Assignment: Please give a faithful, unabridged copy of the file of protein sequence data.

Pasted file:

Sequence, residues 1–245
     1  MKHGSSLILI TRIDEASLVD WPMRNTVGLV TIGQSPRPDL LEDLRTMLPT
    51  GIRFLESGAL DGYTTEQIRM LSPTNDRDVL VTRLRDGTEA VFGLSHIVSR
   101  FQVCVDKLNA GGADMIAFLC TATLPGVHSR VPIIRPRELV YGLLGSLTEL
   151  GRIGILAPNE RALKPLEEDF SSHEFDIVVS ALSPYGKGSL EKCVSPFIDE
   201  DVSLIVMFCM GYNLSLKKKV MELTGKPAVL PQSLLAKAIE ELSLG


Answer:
Sequence, residues 1–245
     1  MKHGSSLILI TRIDEASLVD WPMRNTVGLV TIGQSPRPDL LEDLRTMLPT
    51  GIRFLESGAL DGYTTEQIRM LSPTNDRDVL VTRLRDGTEA VFGLSHIVSR
   101  FQVCVDKLNA GGADMIAFLC TATLPGVHSR VPIIRPRELV YGLLGSLTEL
   151  GRIGILAPNE RALKPLEEDF SSHEFDIVVS ALSPYGKGSL EKCVSPFIDE
   201  DVSLIVMFCM GYNLSLKKKV MELTGKPAVL PQSLLAKAIE ELSLG